This story was updated at 10:28 a.m.
A federal judge in Montana has once again handed the Bureau of Land Management and its embattled former de facto acting chief, William Perry Pendley, another major legal defeat.
Chief Judge Brian Morris of the U.S. District Court for the District of Montana late yesterday issued an order invalidating three major land-use plan revisions in Montana as a result of Pendley "unlawfully" leading BLM for more than a year.
BLM issued a statement this morning blasting Morris' order.
"The court's erroneous ruling continues to disregard basic facts and misapprehend how authority is delegated within federal agencies," it said.
But Morris also issued what appeared to be a warning to Pendley and the Interior Department that they better abide by his previous order from last month barring Pendley from performing the duties of BLM director (Greenwire, Sept. 25).
Pendley has made numerous public statements in the past week to various news media outlets saying that he's essentially still in charge of the bureau.
"The Court emphasizes again the injunctive relief currently in place against Federal Defendants," Morris wrote, referencing September's order.
He noted yesterday that Interior Solicitor Daniel Jorjani has stated publicly that Interior will comply with the court order that Pendley cannot lead BLM.
"Other officials, including Pendley, appear more reticent in their acknowledgment of the effect of the Court's September Order," Morris wrote. "The Court emphasizes again its previous finding: Only the Secretary of the Interior can perform functions or duties of the BLM Director."
Morris' latest order issued last night takes his initial finding from September a step further, ruling the amended Lewistown and Missoula resource management plans (RMPs) in the central and northwest parts of the state, respectively, are now invalid because Pendley was not authorized to perform the duties of the BLM director.
The amended Lewistown and Missoula RMPs, finalized in July, cover in total about 800,000 acres.
Morris' order also dismisses the Miles City RMP amendment in eastern Montana, approved by BLM last year. It addresses the management of 12 million acres of subsurface mineral estate.
All three RMPs would open more federal lands to oil and gas drilling, the state and other critics say.
As part of Morris' September ruling, the judge directed the state and the Interior Department to file briefs addressing specific actions that Pendley may have taken that could be tossed out as a result of the ruling.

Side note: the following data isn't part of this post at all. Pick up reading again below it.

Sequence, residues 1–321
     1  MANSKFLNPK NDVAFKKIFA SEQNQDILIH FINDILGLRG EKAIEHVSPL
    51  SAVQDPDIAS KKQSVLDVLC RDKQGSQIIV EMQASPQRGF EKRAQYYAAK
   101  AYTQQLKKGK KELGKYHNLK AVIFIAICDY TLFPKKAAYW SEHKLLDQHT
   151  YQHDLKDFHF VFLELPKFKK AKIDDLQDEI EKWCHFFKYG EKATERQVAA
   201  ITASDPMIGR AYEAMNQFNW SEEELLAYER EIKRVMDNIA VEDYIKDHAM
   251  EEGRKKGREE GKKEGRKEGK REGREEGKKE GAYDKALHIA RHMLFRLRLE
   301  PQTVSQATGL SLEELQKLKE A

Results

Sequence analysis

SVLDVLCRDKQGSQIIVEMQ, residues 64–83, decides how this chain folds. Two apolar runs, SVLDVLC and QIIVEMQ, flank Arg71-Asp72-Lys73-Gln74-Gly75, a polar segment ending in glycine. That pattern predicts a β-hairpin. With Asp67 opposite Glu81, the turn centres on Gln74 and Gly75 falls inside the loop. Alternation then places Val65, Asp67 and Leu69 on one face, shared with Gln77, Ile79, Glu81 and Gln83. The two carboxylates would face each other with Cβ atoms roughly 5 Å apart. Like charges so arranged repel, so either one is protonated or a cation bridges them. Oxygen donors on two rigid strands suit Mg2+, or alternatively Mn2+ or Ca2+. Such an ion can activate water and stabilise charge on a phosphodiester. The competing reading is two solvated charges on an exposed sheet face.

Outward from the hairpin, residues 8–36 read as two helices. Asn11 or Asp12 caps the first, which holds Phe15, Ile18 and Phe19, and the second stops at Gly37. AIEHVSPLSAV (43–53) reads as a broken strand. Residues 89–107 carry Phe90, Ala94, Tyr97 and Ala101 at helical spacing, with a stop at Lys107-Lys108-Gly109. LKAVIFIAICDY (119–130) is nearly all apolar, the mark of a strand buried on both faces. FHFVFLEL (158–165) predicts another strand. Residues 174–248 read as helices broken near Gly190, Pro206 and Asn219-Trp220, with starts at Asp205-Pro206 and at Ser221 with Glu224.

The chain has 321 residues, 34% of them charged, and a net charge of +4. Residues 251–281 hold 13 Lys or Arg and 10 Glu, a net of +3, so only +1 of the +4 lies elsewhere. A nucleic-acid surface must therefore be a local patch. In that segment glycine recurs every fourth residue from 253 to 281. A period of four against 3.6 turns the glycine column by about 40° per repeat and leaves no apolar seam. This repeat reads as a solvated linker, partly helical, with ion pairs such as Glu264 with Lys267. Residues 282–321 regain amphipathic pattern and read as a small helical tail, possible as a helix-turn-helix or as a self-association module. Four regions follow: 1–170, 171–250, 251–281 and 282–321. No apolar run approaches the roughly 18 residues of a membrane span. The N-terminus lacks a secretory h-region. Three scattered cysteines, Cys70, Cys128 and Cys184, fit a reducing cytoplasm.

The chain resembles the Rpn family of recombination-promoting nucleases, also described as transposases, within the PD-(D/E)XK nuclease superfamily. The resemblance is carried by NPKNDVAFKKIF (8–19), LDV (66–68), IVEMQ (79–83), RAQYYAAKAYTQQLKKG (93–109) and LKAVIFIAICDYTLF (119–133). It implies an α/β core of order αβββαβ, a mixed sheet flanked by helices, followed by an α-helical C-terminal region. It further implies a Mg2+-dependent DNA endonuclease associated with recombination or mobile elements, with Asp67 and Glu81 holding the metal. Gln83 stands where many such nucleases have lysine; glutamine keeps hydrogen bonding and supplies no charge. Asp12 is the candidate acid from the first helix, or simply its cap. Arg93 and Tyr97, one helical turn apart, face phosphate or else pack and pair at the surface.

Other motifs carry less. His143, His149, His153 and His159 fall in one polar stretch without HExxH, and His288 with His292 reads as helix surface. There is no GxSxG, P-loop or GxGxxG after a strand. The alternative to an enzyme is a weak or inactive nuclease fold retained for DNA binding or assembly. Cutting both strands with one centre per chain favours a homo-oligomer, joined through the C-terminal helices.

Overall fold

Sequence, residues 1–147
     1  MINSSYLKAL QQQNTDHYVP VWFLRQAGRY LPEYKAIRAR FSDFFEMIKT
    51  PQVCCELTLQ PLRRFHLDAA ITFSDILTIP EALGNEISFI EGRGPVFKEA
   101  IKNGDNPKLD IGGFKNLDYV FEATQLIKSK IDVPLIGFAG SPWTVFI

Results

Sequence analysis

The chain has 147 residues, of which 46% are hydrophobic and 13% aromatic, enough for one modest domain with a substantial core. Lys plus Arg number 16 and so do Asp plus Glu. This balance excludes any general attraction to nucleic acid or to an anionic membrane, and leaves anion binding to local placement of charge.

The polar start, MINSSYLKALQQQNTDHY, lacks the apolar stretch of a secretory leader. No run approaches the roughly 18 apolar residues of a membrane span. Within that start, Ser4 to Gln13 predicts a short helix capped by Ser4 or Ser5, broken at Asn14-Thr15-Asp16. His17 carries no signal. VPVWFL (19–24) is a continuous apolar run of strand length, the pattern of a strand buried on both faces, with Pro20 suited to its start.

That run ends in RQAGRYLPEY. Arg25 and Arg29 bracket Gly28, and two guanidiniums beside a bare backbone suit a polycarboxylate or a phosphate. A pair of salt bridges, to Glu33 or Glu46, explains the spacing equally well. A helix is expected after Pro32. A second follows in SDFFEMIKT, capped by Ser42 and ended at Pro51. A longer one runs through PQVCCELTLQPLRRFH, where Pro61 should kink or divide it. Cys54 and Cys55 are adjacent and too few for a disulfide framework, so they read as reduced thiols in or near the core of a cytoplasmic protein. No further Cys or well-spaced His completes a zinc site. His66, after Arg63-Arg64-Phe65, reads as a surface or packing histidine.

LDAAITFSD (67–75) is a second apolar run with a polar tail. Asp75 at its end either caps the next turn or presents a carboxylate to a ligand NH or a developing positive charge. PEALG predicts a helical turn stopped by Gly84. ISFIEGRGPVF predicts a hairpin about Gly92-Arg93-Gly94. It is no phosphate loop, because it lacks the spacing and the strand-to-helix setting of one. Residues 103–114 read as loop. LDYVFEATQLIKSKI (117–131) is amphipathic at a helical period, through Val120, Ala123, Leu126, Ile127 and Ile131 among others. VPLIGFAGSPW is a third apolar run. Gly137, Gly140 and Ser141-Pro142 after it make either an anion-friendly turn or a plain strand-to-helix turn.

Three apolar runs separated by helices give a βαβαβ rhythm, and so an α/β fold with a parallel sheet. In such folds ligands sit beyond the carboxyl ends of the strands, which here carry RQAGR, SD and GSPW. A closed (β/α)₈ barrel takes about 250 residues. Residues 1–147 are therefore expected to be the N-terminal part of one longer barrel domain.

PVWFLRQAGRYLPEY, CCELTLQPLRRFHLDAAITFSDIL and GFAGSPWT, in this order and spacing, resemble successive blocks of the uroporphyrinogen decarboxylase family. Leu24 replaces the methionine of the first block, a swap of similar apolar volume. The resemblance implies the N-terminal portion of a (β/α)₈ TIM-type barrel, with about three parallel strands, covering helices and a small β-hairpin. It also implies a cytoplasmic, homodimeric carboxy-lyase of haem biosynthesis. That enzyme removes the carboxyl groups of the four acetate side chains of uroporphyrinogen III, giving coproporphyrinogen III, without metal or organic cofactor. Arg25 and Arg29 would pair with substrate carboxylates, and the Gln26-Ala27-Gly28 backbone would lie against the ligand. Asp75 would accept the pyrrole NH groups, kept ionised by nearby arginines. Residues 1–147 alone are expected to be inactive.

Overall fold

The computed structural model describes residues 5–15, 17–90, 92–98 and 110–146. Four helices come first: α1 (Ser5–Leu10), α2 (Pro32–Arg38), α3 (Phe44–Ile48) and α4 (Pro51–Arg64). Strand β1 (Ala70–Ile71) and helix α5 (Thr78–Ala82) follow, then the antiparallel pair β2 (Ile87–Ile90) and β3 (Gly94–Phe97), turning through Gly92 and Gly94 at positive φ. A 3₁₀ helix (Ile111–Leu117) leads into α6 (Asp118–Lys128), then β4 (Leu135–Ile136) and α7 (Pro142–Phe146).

Montana Gov. Steve Bullock (D) — whose lawsuit in July sparked Morris' order — asked in a supplemental brief to the court that all three amended RMPs to be thrown out because Pendley resolved protests to the amended plans when he was not authorized to perform the duties of BLM director.
"The Court agrees with this conclusion," Morris wrote.
Interior argued in its own supplemental brief to the court that Pendley performed "no relevant acts" while "exercising the authority of director" that should now be thrown out as a result of the judge's order (Greenwire, Oct. 6).
Interior also argued that Pendley was not responsible for resolving the more than 150 protest letters against the revised Lewistown RMP and 72 filed against the Missoula amended plan. That authority was delegated to another senior official.
"The record fails to support this argument," Morris wrote in yesterday's order.
BLM said in its statement this morning that it strongly disagrees with Morris.
"Deputy Director Pendley did not take the actions attributed to him by the court with respect to the RMPs," the statement said.
BLM also defended the amended Lewistown and Missoula RMPs, which include more than 100,000 acres of what BLM calls "backcountry conservation areas." These areas, according to BLM, are designed to "promote public access" that supports "hunting opportunities and facilitate[s] the long-term maintenance of big game wildlife populations," as well as other multiple-use activities.
"Governor Bullock's lawsuit against the BLM has now come at the expense the great people of Montana who, for the time being, are subjected to decades old RMPs that do not include the nation's first Backcountry Conservation Areas," the statement said.
It adds, "The Department will continue to comply with the court's orders while reviewing all legal options to fight these outrageous rulings."
But Morris appears to scold Interior for asserting in its brief "for the first time" that Pendley "performed no action in connection with the Lewistown and Missoula" RMPs, "but rather those duties were 'delegated to another BLM Official.'"
He wrote that the "hundreds of pages of new factual records" supporting this argument "could have — and should have — been introduced at the summary judgment stage" of the case.
But the delegations of authority were improper because Pendley was not authorized to perform the duties of the director.
"Federal Defendants again attempt to use a series of delegations to justify Pendley's improper exercise of BLM Director authority," Morris wrote. "These new arguments based on new legal arguments and new records similarly fail, particularly after the Court has granted summary judgment."
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